Authorization for Use of Military Force
The Trump Administration Would Rather Release A Man It Says Is A Terrorist Than Defend His Imprisonment
The government appears eager to avoid a court battle over whether a 2001 military force authorization applies to ISIS.
On the morning of Sept. 11, 2001, I was at home in Washington, D.C., and listening to the news on NPR when I heard the first confusing report of a plane crashing into the World Trade Center's North Tower.
The congresswoman was the only "no" vote on a sweeping 9/11 war authorization that's still in use.
Under the guise of increased transparency, the administration has revealed partial information about its targeted killing program.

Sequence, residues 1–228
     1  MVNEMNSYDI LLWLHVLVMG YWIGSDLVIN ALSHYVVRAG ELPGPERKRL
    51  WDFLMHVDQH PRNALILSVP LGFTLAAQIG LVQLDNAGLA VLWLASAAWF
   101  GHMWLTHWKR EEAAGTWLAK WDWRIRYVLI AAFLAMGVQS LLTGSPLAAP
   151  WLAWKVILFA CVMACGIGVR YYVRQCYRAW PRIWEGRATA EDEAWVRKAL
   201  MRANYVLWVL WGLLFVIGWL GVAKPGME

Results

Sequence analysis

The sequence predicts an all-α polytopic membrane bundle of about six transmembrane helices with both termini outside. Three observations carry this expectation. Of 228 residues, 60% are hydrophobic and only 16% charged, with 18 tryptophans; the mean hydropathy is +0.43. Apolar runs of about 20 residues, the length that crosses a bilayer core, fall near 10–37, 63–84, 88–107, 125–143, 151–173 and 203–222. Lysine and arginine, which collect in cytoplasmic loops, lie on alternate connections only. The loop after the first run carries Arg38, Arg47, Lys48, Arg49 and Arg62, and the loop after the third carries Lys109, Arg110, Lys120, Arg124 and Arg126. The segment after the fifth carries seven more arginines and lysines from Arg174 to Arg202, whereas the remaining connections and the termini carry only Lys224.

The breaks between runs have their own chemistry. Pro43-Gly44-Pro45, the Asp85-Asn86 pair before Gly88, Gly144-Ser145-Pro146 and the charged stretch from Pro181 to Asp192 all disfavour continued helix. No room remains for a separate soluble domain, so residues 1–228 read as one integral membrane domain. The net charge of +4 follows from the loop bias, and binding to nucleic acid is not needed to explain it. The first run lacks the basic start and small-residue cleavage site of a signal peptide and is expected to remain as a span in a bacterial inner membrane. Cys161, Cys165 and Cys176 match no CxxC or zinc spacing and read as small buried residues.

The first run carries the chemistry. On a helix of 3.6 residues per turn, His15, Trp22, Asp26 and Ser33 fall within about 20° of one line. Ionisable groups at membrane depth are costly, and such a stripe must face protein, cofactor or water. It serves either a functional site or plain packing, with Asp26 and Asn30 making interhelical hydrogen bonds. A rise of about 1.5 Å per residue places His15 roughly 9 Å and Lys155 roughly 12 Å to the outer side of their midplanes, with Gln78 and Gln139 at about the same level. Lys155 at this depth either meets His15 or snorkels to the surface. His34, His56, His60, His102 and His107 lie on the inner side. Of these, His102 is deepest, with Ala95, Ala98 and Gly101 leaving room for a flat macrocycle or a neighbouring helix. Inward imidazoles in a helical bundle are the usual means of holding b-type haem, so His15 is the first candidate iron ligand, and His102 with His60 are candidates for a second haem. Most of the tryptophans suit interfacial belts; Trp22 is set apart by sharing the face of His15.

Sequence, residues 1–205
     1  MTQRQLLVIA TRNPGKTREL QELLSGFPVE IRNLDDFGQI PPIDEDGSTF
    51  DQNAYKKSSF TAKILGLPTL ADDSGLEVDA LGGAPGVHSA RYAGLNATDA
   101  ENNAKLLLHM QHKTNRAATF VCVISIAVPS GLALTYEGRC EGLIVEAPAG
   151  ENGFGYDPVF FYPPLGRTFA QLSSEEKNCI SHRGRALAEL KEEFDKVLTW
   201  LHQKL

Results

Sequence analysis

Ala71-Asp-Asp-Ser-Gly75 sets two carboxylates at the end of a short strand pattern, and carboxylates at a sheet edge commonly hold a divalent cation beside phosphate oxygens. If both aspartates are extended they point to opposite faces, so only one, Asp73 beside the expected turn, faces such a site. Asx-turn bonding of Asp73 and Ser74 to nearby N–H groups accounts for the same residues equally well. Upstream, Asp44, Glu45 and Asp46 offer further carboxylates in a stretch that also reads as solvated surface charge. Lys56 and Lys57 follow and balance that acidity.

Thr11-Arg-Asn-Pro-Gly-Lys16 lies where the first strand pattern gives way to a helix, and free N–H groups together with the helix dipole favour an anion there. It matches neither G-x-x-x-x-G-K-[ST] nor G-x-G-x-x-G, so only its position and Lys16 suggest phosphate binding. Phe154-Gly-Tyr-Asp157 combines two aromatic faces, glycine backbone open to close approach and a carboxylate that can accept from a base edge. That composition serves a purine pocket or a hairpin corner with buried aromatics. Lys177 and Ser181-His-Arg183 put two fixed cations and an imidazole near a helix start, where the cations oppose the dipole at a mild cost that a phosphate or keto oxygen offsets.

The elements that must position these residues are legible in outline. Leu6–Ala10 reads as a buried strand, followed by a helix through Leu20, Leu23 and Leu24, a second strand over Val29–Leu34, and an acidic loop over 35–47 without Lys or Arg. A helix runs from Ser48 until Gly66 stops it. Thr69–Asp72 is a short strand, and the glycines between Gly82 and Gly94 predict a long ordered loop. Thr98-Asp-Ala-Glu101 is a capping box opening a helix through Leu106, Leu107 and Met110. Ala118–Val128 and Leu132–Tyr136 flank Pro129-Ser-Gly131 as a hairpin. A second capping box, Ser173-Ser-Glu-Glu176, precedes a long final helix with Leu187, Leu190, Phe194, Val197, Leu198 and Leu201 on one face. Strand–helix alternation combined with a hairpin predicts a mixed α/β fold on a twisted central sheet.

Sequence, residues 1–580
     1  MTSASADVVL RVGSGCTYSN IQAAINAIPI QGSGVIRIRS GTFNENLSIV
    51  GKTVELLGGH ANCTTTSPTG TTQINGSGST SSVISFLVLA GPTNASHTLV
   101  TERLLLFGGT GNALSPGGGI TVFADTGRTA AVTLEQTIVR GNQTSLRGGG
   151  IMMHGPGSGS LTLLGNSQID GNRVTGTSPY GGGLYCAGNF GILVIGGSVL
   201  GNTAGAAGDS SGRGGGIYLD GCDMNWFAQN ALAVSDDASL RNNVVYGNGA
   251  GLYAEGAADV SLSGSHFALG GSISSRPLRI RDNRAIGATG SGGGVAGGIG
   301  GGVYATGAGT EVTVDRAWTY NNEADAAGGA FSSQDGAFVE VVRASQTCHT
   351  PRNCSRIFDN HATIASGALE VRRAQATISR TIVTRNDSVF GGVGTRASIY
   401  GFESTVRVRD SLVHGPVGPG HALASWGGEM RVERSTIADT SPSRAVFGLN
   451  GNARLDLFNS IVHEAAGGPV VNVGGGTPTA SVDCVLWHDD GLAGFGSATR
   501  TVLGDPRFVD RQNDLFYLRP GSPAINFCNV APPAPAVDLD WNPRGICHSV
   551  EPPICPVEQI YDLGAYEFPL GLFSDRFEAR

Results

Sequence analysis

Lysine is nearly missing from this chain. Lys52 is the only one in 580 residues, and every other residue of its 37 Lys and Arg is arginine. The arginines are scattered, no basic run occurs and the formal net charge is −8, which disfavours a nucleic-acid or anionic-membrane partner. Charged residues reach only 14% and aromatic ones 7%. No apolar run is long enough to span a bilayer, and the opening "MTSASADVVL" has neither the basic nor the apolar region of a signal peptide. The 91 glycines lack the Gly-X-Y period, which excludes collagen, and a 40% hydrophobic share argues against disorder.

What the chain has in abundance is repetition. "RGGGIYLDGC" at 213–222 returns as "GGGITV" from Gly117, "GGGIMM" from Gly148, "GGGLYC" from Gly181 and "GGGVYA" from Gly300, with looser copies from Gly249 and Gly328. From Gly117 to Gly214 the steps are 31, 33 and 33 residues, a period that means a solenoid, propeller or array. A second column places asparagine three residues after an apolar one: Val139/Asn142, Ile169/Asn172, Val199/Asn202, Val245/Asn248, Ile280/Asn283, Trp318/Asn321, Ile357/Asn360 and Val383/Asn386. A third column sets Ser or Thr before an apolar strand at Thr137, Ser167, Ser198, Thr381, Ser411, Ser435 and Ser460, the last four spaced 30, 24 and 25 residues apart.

The senator argued Congress' votes to target Osama Bin Laden and Saddam Hussein nearly 15 years ago apply to foreign jets in Syria, too.
How many decades has it been since high-level politicians have been allowed to refer so blatantly to the nuclear elephant
Even Republicans who are a little worried about Trump are fine letting him take the reins of an undeclared war.
It is not my intention, for example, to pass any overall judgment of Hillary's hawkishness. That would require more detailed knowledge than I possess. But I do have a couple of observations to offer that, in my view, should lessen the weight of evidence for this characterization of Hillary as a superhawk.
Sen. Chris Murphy argues that Majority Leader Mitch McConnell's ISIS war resolution would authorize martial law and U.S. troop deployments anywhere in the world.
To Democrats, President Barack Obama's final State of the Union address in front of a national audience was quintessential Obama. But to Republicans, Obama's speech was the "same old, same old."